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Some interesting stuff floating around about YouTube and whether it might all be about to go horribly wrong. I thought I’d bring this up as it is a landmark site for many reasons, and how its future pans out could be a weather vane for many things online, most prominently copyright and how it is treated and respected – and content itself.

First of all, a good overview from Ian Tait on YouTube Haters;

There seems to be a few camps forming, broadly lovers, doubters and haters. I think Im a lover / doubter fence-sitter. And heres why:

I love YouTube because

# Its made online video easy and accessible. No hassle with special software.
# Its easy to upload stuff in almost any format.
# Its set the bar for quality at an attainable level for most people.
# Access to amazing things that have been languishing in archives.
# As far as Im aware they were one of the champions of portable video (i.e. you can take it and embed it anywhere you like).
# The community is there (if you want to engage with it), you can almost ignore it if not and just use it to host your clips.
# It feels like it gets its place on the web.

I doubt YouTube because

# Theres a lot of complicated rights issues that make my head hurt.
# Lots of big established companies feel threatened, even if they do deals with many of them, therell still be plenty left out in the cold, looking for their payout.
# Lawyers like making money.

Obviously the crux of this is – will YouTube get shut down for making (copyrighted) content free, or can they escape the curse of their 1.0 compadres Napster – who, it can be argued, it is easy to draw comparisons with?

A few weeks ago I was thinking about the rise of YouTube, and how on earth they thought they could possibly get away with allowing people to flout copyright, particularly that of one of the most beleagured, valuable, and litigious industries – Hollywood. (We won’t digress onto YouTube for music, because that’s basically Napster, right?) What made them think that they could escape the law suits and massive damage payments that were thrown at Napster (and Bertelsmann) and at all of the peer to peer networks such as Kazaa and Grokster? Did they have a strategy?

And I was incredibly impressed by what I thought must have been that strategy. Given the massive growth and uptake of users, did they (and their very rich lawyers)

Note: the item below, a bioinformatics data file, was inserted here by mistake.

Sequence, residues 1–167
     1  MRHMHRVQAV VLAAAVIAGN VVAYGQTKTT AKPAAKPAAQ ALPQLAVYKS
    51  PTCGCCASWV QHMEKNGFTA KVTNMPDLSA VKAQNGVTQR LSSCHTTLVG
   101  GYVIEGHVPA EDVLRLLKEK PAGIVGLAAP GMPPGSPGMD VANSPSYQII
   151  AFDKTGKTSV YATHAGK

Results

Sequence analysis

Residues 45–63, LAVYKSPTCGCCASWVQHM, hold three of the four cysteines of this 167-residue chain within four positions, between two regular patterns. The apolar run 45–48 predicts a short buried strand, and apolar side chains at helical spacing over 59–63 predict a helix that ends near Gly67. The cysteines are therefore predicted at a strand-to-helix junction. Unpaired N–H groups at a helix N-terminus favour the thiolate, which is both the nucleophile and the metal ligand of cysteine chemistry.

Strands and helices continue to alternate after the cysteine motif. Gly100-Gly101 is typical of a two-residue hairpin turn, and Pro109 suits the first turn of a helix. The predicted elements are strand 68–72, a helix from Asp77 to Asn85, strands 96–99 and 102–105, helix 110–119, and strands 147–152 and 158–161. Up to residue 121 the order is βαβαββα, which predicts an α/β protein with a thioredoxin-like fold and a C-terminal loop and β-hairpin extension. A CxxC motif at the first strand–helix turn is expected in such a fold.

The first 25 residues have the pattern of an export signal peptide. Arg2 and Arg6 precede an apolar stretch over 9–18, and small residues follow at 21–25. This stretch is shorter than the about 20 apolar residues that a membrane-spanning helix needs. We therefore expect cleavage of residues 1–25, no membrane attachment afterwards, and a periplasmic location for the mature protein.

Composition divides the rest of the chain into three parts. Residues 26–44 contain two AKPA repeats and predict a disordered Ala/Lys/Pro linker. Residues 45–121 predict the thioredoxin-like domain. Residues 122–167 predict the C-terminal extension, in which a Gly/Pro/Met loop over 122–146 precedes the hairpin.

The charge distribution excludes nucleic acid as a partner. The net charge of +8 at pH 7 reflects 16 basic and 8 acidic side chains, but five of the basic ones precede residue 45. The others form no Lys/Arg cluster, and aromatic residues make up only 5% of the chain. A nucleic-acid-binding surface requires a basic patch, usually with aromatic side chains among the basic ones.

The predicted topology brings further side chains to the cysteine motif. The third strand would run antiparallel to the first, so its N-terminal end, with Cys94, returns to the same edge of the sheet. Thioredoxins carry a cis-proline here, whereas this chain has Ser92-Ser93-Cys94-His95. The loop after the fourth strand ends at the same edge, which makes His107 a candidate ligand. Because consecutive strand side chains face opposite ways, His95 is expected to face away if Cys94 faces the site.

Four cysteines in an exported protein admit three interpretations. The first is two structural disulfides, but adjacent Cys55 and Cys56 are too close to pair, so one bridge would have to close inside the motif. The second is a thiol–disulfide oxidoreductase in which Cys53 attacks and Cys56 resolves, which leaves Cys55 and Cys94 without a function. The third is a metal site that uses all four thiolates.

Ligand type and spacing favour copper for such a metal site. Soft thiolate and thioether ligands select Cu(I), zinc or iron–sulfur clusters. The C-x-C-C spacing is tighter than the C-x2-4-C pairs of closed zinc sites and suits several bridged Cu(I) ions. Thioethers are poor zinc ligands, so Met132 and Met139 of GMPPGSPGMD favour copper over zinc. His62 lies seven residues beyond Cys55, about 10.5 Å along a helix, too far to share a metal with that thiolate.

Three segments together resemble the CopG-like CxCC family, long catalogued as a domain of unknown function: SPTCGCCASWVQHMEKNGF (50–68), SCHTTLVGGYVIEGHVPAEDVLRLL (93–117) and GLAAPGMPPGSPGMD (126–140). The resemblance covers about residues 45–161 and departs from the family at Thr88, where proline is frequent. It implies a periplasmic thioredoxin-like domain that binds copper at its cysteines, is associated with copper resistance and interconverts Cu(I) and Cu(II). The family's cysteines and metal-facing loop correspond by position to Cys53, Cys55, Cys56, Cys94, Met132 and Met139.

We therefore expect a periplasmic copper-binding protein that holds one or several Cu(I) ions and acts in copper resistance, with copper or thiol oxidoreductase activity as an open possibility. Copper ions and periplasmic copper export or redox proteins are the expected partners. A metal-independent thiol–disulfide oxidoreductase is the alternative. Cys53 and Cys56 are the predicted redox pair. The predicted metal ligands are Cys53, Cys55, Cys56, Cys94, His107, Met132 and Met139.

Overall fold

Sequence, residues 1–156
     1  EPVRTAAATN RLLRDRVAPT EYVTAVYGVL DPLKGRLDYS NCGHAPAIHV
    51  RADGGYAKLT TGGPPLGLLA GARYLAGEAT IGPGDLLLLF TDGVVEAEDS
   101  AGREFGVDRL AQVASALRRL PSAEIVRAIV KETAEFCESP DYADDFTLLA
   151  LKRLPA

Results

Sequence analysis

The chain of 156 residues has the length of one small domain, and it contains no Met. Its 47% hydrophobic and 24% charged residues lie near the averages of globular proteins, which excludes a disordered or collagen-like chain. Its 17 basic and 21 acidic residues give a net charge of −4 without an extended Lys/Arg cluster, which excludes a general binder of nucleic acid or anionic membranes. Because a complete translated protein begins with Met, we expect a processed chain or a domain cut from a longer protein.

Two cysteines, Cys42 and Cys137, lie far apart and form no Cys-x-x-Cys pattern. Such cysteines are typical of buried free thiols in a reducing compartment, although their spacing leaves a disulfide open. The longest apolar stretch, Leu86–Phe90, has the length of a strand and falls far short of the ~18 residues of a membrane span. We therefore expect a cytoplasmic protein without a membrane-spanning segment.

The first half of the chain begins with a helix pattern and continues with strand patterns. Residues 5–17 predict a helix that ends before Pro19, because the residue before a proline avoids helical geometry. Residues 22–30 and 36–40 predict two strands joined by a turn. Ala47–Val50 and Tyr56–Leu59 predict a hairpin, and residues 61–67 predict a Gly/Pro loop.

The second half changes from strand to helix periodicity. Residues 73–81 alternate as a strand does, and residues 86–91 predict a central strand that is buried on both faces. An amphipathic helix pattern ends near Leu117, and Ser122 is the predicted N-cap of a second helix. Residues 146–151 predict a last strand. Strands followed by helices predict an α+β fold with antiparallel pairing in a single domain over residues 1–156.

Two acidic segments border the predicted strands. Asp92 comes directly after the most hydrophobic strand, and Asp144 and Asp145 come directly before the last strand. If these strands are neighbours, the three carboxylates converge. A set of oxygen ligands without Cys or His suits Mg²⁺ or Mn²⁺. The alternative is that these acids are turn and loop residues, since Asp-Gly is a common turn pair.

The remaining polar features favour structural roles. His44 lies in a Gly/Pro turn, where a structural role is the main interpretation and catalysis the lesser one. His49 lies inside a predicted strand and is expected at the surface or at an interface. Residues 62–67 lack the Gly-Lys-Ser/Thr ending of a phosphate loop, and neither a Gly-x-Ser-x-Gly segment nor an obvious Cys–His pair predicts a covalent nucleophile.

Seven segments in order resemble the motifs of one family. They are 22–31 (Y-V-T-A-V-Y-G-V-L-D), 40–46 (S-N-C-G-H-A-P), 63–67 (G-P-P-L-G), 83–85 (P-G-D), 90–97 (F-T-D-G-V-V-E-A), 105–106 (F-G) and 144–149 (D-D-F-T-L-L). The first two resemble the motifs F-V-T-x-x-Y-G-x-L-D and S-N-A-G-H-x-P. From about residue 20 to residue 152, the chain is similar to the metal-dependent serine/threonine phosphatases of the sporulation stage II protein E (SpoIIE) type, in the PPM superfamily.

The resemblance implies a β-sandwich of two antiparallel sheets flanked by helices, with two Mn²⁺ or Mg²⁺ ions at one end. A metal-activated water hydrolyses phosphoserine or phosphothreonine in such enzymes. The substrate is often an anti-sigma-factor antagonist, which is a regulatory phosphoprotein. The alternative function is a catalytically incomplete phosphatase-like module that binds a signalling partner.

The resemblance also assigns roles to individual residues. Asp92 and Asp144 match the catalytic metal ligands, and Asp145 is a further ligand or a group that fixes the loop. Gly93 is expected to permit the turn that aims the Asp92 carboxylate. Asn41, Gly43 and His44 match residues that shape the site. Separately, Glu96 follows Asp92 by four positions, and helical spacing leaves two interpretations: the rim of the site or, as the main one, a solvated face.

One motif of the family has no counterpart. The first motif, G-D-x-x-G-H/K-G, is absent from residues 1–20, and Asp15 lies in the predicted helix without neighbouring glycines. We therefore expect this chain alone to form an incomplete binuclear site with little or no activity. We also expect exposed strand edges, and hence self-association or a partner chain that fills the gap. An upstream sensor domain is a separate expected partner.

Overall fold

plan that there would be an eye of the storm to weather? That this eye wouldbe a landmark case or two, where studios and other copyright holders had to consider the losses they thought they were suffering through YouTube eyeballs, against the value of those eyeballs to their existing property portfolios?

In other words, you’d see this coming, and know that it could be extremely tough, but would bargain on the fact that the MPAA (quite a slow-adopting industry) wouldn’t get around to throwing suits at you until your user base had already reached critical mass. By which point, the decision for the studios in the ‘if you can’t beat em join em’ argument could go either way. Any way, whoever had the nerve to see that coming, and to tough it out, has to be admired.

That aside, and coming back to the question of is YouTube doomed, research company Forrester has some interesting posts on this on one of its blogs. First of all, YouTube is going down says that, basically, YouTube is napster, and that for the same reason, it’s doomed. Follow the comments thread though, and you see users who disaggree and who say that actually, 90% (which I think is a totally made up stat) of YouTube content is user-generated.

Then, in response to itself, another Forrester research replies:

But, I can see a way out for YouTube, and it goes something like this:

# Do lots of deals quickly to make YouTube a legitimate video destination. The deal with Warner Music Group is a good start, but hardly enough. What about sports bloopers from CNN or Sopranos outtakes from HBO? Share that traffic, split that ad revenue, love those guys to death.
# Listen carefully to the jungle drums of Universal to see if there’s a way out.
# Lobby hard for copyright protection, publicly and visibly in the site experience.

I’m sure there will be some more on this, and it is more interesting that will the lawyers get YouTube as it has implications well beyond music and film. There is one argument that says napster was great for the (digital) music biz as it gave consumers a reason/incentive to learn how to use a pretty difficult technology (mp3) which, when adopted, became easier for the like of iTunes to develop as a channel.

Could the same thing happen for books? In part, I think publishers wish it could – the idea of something so popular around books is almost impossible to conceive. But clearly copyright violation terrifies the living daylights out of them. Then again, popular thought has it that free ebooks generate more sales of physical books, and that making content available in this format helps rescue authors from the obscurity Tim Oreilly says is the bigger threat than piracy…

Posted by Peter Collingridge in Future of the book.

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